On this point, let’s return to Elijah, with whom Jesus’s divine nature, the Word of God, was present. After the water in the wadi dries up, God tells Elijah, “Move on to Zarephath of Sidon and stay there. I have designated a widow there to provide for you.” So God continues to care for Elijah as an exile from Israel, hidden now in a Phoenecian city. But watch what God does here through Elijah. When Elijah meets the widow, she is about to make her last meal for herself and her son because they are destitute. Elijah asks for her to trust in the Lord who has told him, “The jar of flour shall not go empty, nor the jug of oil run dry, until the day when the LORD sends rain upon the earth.” The woman obeys Elijah, displays faith in the Lord and his prophet, and indeed the flour and oil replenish themselves and the three of them eat for a year. Despite the outward, slightly shameful appearance of an exiled Jew living with a widow in a Gentile city, this is the fundamental cycle of God’s saving work in humanity. First, He asks His chosen one to trust Him and bestows His grace when the chosen one obeys, especially in humble circumstances. Next, He asks that person to be an instrument of His will on the earth, bringing others to faith and under the grace of God. This is the core of our faith and salvation: hearing God’s call, trusting in Him, and bringing others to God’s light. These readings show this with Elijah, but scriptures also show this cycle with other prophets in their times and Christ in His time. We must realize that this is also true for us in our time.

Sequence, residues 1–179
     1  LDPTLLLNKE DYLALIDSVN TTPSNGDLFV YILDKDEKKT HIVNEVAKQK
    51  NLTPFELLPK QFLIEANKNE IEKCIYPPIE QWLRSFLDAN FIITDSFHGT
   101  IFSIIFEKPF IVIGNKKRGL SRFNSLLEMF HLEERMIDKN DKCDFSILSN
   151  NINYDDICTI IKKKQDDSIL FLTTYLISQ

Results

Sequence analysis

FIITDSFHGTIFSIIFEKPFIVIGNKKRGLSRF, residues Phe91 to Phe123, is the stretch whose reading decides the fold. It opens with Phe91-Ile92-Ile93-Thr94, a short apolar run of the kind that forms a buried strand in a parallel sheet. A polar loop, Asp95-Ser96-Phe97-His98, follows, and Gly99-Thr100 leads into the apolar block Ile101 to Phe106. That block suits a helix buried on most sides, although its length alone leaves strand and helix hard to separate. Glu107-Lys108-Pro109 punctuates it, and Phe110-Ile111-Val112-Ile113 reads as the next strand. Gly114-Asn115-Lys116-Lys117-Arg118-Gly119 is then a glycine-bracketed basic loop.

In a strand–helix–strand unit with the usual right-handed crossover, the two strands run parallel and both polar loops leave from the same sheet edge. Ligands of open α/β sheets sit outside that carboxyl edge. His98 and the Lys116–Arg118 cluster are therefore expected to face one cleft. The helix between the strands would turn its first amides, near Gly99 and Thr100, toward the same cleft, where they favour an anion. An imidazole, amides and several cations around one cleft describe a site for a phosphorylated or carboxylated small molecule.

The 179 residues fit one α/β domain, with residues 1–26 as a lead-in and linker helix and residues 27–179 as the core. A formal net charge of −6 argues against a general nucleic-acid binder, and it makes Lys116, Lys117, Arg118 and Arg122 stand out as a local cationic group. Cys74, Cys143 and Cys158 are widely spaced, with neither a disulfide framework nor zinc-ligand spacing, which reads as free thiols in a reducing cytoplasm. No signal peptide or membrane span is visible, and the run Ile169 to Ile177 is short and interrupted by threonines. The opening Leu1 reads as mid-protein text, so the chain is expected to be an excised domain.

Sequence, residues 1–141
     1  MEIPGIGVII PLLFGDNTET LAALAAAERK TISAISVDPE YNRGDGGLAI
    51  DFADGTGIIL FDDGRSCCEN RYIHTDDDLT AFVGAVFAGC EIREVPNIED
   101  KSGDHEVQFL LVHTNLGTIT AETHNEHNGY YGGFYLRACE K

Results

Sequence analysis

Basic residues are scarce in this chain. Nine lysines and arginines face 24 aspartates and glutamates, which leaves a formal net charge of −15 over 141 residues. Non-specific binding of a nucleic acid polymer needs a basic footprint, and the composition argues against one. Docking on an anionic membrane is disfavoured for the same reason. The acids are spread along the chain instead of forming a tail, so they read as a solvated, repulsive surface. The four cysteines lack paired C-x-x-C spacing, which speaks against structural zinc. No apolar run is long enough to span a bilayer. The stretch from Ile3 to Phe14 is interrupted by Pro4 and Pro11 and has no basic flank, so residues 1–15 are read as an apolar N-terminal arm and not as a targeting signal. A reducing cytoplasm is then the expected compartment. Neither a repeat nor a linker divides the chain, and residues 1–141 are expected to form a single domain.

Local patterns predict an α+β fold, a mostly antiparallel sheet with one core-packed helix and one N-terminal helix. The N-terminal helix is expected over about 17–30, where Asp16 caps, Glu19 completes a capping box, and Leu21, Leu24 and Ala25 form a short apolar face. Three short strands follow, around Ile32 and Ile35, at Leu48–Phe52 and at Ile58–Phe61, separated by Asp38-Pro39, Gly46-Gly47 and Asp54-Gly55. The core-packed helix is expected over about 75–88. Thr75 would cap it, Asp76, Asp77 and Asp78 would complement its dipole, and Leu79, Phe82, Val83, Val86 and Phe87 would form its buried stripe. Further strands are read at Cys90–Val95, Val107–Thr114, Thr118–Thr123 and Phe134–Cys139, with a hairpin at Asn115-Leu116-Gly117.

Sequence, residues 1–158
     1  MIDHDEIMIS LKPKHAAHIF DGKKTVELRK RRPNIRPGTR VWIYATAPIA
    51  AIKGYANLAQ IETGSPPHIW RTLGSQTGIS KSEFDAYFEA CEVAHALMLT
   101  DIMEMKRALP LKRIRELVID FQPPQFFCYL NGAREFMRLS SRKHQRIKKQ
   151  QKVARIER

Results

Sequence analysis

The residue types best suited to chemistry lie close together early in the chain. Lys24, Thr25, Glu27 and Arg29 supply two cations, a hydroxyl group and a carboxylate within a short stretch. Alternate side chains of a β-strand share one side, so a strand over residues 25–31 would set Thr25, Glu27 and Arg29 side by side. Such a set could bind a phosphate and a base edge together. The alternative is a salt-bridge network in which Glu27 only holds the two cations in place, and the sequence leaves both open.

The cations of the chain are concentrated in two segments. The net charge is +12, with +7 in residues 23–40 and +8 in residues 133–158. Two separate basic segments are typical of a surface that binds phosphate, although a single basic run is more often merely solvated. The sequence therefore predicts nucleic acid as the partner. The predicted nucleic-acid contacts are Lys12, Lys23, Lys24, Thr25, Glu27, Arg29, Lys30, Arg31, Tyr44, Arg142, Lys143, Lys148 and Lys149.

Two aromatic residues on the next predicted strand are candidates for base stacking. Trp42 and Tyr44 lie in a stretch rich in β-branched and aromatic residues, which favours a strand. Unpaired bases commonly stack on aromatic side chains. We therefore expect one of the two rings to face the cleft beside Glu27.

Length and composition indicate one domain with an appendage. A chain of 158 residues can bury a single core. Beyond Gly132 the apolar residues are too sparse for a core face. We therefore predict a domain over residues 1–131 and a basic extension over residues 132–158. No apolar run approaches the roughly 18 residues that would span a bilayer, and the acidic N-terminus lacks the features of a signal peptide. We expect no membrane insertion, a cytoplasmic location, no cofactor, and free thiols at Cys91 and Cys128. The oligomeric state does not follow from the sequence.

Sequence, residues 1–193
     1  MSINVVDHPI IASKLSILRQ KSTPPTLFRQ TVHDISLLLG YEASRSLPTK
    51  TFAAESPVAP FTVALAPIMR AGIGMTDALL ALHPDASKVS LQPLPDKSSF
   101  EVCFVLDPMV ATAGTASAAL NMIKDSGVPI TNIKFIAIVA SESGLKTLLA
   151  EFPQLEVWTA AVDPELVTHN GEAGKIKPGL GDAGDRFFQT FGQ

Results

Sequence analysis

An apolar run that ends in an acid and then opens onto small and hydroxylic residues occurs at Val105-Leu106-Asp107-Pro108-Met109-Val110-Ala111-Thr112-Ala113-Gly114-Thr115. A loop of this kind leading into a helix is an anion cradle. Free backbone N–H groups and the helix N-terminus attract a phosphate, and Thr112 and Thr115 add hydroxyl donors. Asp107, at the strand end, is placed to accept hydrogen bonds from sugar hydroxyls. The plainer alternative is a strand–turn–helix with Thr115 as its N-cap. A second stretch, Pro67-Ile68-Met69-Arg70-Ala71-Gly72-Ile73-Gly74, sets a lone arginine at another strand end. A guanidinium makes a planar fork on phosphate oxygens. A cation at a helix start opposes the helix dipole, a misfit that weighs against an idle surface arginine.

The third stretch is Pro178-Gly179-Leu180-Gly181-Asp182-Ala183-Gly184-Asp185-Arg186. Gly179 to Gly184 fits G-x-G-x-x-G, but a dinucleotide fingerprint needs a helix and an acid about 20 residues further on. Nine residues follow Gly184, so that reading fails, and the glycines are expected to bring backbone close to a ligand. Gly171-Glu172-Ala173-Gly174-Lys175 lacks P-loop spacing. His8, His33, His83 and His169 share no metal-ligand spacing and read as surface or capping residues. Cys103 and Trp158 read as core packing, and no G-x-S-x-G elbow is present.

This reading of Elijah and the widow of Zarephath occurred yesterday (Tuesday), and the accompanying gospel reading recounts Christ’s lesson directly following the Beatitudes where he tells his disciples that they are the salt of the earth and the light of the world. We can see how Christ’s words echo the life example Elijah sets: “Just so, your light must shine before others, that they may see your good deeds and glorify your heavenly Father.” This is the cycle in which we are called to participate, like Elijah and like Christ Himself. This is the meaning of life: to listen to the Father, become pure of heart and poor in spirit, let our faith shine in our deeds, and have our glorification of the Father draw others to God’s embrace.